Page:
The hydrangeas in our garden bear flowers of an unmarketable hue. The base colour is grubby, faded apple green, like the upholstery on a collection day couch. On top is a rash of rosacea pink. These are the colours not of romance, but of neglect and root damage caused by a neighbouring conifer. Yet every summer the starved shrubs divert massive resources to their mopheads. The flowers are layered like scales and the upper petals (they are actually sepals but let’s call them petals for now) shelter their understudies from the sun. And beneath each sunburnt, topmost petal is its own shadow, stencilled for perpetuity on the petal below, in a colour as pale and fresh and unblemished as a cabbage leaf. It’s magic.
I love these hydrangeas because they remind me of the enormous generosity represented in the act of blossoming. A flowering plant gives everything it has, even when it hasn’t enough. ‘This is my best’, says the plant in full bloom. And it is the generosity that is beautiful, as much as the material result.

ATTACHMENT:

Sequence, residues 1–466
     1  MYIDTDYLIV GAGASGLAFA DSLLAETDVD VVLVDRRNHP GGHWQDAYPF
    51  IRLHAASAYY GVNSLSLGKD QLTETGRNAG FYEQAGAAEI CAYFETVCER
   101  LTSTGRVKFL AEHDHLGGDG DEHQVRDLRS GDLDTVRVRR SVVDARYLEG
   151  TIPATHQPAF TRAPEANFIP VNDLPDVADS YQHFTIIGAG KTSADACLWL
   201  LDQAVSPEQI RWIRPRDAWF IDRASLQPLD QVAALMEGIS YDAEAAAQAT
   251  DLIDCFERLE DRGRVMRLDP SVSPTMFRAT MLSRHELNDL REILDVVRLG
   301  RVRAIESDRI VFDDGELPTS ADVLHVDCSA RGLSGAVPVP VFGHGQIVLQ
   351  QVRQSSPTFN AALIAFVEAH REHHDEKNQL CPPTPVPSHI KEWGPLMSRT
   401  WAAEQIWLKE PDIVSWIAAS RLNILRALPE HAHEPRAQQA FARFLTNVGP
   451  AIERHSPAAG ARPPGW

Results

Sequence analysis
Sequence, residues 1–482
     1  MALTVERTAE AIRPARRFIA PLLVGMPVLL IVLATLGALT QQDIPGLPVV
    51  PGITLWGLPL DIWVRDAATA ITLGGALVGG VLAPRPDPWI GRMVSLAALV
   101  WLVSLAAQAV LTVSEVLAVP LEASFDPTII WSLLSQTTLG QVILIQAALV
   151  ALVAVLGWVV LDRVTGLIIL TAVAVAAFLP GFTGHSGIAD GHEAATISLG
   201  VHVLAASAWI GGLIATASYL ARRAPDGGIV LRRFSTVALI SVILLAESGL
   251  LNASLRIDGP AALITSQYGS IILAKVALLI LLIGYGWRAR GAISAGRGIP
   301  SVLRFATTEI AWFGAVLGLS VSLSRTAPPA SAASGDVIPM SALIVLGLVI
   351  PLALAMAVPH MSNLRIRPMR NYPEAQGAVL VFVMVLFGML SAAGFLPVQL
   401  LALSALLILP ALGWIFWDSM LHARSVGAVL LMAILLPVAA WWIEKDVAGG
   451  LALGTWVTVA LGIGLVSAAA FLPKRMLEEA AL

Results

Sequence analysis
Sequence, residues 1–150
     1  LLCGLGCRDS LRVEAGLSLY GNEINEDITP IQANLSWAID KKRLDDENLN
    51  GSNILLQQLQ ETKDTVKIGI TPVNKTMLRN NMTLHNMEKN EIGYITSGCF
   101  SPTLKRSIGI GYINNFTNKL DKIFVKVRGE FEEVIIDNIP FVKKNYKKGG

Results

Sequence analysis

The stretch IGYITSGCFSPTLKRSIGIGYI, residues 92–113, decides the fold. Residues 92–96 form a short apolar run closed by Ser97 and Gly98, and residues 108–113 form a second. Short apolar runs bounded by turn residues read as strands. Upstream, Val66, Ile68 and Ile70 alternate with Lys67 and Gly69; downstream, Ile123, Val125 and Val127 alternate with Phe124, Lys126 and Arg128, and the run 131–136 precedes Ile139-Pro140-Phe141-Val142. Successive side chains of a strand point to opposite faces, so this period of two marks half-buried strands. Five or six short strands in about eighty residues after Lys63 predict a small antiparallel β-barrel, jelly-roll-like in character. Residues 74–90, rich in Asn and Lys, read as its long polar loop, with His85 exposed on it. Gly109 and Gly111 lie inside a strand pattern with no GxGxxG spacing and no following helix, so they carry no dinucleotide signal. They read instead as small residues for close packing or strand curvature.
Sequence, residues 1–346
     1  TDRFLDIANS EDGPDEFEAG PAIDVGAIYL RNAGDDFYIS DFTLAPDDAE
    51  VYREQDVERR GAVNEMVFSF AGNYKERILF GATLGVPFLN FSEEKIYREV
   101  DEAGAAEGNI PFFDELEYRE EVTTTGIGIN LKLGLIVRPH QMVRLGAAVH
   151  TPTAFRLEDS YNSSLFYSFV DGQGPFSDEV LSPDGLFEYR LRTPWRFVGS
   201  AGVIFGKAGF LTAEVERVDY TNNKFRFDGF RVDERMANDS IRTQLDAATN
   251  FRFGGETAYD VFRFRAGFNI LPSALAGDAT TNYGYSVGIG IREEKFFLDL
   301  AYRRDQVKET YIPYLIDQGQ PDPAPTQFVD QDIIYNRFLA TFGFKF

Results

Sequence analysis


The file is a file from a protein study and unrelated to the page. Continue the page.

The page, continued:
This is what I see, and love, in Laura’s work: every painting is a blossom of her soul, and like my hydrangeas, every painting has her best. Her generosity shines brightly, even when the paint is dark and she is feeling dark inside, as she was, she told me, when some of these were painted. Bits of underpainting are visible in the final works, like cardigans half-buttoned and hair untied. Vulnerable, sensuous, earnest and disarming, Laura’s paintings have everything to give and nothing to prove. They are not shown so much as entrusted, and they make me feel worthy.
Flowering is an act of biological compulsion performed with the grace and humility of love. This is what I imagine painting must be like for Laura Jones.
- Lucy Kaldor, June 2014
Shadow and Soul by Laura Jones